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Viewing PostGIS Data

There are times when you need to sanity check your PostGIS geometric data. The tips below help you to accomplish just that and will work with Points and Polygons.

The Data

In your database, the data looks like: [sql]SELECT geom from my_table; 0103000020ED0800000100000075000000AEDD0240E88E334186F5FF7F63AD0A41D8C300C0 B28E33413F80E0FF7EAD0A415317FD9F768E3341C4AF0460C3AD0A417017FD9F768E33419F CB1140E1AD0A418DDB0240768E3341C23805405CAE0A4119E80300788E3341BD71E9DF15AF 0A410DAAFE3F7D8E33416EAC03A0E...[/sql]

This doesn't mean much to most of us, so this is how you make it meaningful.

The Functions

'Well-Known Text' representation

To get the data in an understandable form or 'Well-Known Text' (WKT) representation of the geometry just use the PostGIS function ST_AsText( obj ).

[sql]SELECT ST_AsText( geom ) from my_table; POLYGON((1281768.25004373 218540.437499922, 1281714.75001167 218543.87493992, 1281654.62495561 218552.421883939, 1281654.62495562 218556.156283942, 1281654.2500436 218571.53125996, 1281656.00005961 218594.734331978, 1281661.24997962 218620.203132007, 1281768.25004373 218540.437499922))[/sql]


But wait a minute! Those coordinates don't look to be Longitude/Latitude. In some cases, this could be true, but it is usually a good idea to verify the projection of the data. Most people are familiar with the 4326 projection, which Google Maps uses. Some older installations will use 900913 which Google Maps will also utilize. Most other projections are for specific geographic areas.

To get the projection or Spatial Reference System Identifier (SRID) of your data use the PostGIS function SRID( obj ).

[sql]SELECT SRID( geom ) from my_table; 2285[/sql]


It is very simple to 'transform' from one projection to another with the PostGIS function ST_Transform( obj, new_srid ).

[sql]SELECT ST_Transform( geom, 4326 ) from my_table;[/sql]

Ooops... don't forget to make it readable!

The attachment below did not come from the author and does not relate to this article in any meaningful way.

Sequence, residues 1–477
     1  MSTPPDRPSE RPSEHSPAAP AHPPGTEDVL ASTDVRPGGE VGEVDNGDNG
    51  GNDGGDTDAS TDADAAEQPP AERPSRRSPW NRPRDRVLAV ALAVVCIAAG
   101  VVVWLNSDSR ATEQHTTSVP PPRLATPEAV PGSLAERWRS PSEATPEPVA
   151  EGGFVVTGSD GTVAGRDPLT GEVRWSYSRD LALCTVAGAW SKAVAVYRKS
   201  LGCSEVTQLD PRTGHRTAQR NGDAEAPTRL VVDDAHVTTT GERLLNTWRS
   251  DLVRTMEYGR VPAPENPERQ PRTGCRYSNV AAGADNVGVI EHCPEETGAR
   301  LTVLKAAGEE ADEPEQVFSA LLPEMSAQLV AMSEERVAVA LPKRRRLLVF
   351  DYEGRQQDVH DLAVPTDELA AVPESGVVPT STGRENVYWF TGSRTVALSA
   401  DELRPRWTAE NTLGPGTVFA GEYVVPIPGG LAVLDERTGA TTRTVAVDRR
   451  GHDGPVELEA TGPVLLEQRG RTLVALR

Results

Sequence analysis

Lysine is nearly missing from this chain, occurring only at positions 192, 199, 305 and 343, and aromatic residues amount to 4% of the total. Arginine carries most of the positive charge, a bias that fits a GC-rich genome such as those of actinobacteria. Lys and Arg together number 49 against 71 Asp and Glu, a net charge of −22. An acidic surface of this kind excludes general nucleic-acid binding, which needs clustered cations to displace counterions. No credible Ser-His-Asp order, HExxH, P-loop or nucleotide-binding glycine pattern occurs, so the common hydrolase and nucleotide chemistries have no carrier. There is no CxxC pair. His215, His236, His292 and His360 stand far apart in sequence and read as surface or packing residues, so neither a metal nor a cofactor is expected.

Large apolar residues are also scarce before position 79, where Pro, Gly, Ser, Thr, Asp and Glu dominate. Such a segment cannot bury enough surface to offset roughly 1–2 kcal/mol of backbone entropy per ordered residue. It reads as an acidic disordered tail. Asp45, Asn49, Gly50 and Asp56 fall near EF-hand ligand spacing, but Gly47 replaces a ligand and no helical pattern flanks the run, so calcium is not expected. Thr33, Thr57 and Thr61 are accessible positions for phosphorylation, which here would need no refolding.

[sql]SELECT ST_AsText( ST_Transform( geom, 4326 ) from my_table; POLYGON((-122.286826974975 47.5898335515998, -122.287044005988 47.5898402034072, -122.287288271075 47.5898605168359, -122.287288556978 47.5898707528316, -122.287291253122 47.5899128762452, -122.287285938921 47.5899765665361, -122.287266617433 47.590046648457, -122.286820730691 47.5898457989397, -122.286826974975 47.5898335515998))[/sql]

Google Earth

So we can see the Longitude/Latitude information, but say we actually want to see the object on a map! With a little extra work, we can create a KML file that Google Earth will read and display our data.

First we need to get the Geometric Data by using the PostGIS function ST_AsKML( obj ) . Remember that Google Earth requires the 4326 projection! [sql]SELECT ST_AsKML( ST_Transform( geom, 4326 ) from my_table; <Polygon><outerBoundaryIs><LinearRing><coordinates> -122.286826974975,47.5898335515998,0 -122.287044005988,47.5898402034072,0 -122.287288271075,47.5898605168359,0 -122.287288556978,47.5898707528316,0 -122.287291253122,47.5899128762452,0 -122.287285938921,47.5899765665361,0 -122.287266617433,47.590046648457,0 -122.286820730691,47.5898457989397,0 -122.286826974975,47.5898335515998,0 </coordinates></LinearRing></outerBoundaryIs></Polygon>[/sql]

Next we need to compose a valid KML file. This is an xml based file that contains some style information and the geographic data we retrieved from the database. (A note about the color... they look like standard html RGB colors, but in fact... they are backwards... BGR with the transparency at the beginning, but that is for another blog...)

[xml]<?xml version="1.0" encoding="UTF-8"?> <kml xmlns="http://earth.google.com/kml/2.1"> <Document> <Style id="astyle"> <LineStyle> <color>7f53892b</color> <width>2</width> </LineStyle> <PolyStyle> <color>7f79c63f</color> <colorMode>normal</colorMode> <fill>1</fill> <outline>1</outline> </PolyStyle> </Style>

<Placemark> <styleUrl>#astyle</styleUrl> {{ geographic data }} </Placemark> </Document> </kml>[/xml]

The end result of the KML file is as follows: test.kml

and when you open the kml file in Google Earth you should see:

Multiple Objects in KML

If you want to show many Points or Polygons, just duplicate the following section of the KML

[xml]<Placemark> <styleUrl>#astyle</styleUrl> {{ geographic data }} </Placemark>[/xml]